It's just another day at work. More things to do than time in the day. I'm at the fire station, making my way up the stairs to fit in what I can. Up the stairs, I make my way down the walk way and take the second left. I open the office door just to drop off my coffee cup. Training is about to happen and I don’t want to be late. I don’t turn on the light, at first. But what is that sound? It reminds me of running water? That doesn’t make sense. There is no water in the office.
I turn on the light and oh my, what a sight!One of the ceiling tiles looks more like a cloud instead of a part of the ceiling. It was full of water and beginning to rain down on the entire office. The air condition system is located in the ceiling, just above the office. I have heard stories of how it leaked before. I now have my own story.
As a new officer, I'm still working through the gut reaction to be in the thick of the problem. To get directly involved on fixing the problem hands-on. On this day, however, I activate a skill that have cultivated for years.A skill perfect for this situation. That skill?Ignorance.I understand what to do with a busted hose line. I understand what to do for a spill for muriatic acid. I know nothing about what to do for a leaky ceiling. I knew enough to know, however, that there was a problem. Even officers know water is not supposed to come from the ceiling. Sizing up the situation, I knew I need more resources. Downstairsare 2-3 firefighters who would know exactly what to do. I went downstairs and hustled back with a strike team of people to handle with the problem.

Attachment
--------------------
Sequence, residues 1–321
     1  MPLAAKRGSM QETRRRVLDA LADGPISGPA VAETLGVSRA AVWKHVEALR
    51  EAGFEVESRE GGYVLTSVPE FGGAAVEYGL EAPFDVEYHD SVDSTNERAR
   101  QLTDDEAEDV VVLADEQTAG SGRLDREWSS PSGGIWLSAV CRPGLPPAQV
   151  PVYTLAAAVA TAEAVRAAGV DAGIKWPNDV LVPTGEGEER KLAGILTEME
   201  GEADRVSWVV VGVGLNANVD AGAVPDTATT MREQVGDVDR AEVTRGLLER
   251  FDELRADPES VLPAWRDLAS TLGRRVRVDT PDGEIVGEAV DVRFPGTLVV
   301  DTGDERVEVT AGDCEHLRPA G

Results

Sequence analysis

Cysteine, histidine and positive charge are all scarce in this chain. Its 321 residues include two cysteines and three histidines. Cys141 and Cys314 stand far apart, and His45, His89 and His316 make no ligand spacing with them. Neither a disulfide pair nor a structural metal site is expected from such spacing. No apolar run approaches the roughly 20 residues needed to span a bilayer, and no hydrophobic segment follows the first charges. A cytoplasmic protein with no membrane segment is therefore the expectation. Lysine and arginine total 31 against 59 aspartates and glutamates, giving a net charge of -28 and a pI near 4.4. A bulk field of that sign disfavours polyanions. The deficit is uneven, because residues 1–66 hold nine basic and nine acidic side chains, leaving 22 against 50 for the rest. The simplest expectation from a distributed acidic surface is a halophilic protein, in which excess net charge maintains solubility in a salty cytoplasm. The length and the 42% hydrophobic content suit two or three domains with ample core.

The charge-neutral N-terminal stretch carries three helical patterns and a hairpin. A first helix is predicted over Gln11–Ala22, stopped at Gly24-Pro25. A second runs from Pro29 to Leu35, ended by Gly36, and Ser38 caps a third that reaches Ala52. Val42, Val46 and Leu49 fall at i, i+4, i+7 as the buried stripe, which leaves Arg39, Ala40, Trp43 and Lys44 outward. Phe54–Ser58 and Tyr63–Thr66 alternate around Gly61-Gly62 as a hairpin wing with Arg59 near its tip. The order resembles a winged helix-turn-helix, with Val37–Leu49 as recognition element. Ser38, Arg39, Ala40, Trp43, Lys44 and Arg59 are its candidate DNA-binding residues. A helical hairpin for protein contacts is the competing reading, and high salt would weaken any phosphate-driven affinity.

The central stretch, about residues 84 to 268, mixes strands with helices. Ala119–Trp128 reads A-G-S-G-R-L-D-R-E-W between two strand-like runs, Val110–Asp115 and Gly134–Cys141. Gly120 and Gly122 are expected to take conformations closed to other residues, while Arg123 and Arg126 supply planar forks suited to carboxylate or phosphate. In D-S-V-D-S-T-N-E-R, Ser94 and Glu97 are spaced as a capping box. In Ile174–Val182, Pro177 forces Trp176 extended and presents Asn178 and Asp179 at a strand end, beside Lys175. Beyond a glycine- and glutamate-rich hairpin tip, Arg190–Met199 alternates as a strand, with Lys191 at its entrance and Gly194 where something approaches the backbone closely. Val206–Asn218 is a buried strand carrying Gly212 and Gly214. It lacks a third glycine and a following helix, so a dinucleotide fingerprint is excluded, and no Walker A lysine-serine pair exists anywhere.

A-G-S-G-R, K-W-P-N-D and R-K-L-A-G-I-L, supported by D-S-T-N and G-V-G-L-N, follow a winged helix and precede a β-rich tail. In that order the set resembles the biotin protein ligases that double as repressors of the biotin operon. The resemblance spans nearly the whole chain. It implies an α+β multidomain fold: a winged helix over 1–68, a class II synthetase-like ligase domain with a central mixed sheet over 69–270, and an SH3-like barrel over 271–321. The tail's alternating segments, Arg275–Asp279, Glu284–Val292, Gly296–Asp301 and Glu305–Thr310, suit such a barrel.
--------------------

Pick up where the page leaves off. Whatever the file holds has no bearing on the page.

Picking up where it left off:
What did I do? I took two steps back and supported the plumbing strike team while they worked. I handed them a wrench when asked. I held the ladder when needed. I called the maintenance person for the long-term fix. As things are windingdown, the Battalion Chief stopped by. Chief’s seem to either have a 6th sense or hidden camera that tell them when to stop by the station."Where's the guy in charge?"All fingers point to me in the corner coordinating with the HAVAC vendor on when they can fix the problem.
Sometimes being in charge means letting the right people use their skill. Especially when you don't have that skill. I have learned something long ago that I have just managed to put into words. I don't have to be the smartest person in the room in order to lead the room. Let the ordinary people have the extraordinary impact.
About the Author
NICK BASKERVILLE has had the honor of serving in the United States Air Force for 10 years, followed by 4 years in the United States Air Force Reserves. He attained the rank of Technical Sergeant (E-6). Nick also has 16 years of fire service time, with 13 years of that being in a career department in Northern Virginia. Nick has had the opportunity to hold positions in the Company Officer's section of the Virginia Fire Chief's Association (VFCA), The Virginia Fire Officer's Academy (VFOA) staff, and in the International Association of Black Professional Fire Fighters (IABPFF) as a chapter president, a Health and Wellness committee member, and one of the IABPFF representatives to the Fire Service Occupational Cancer Alliance.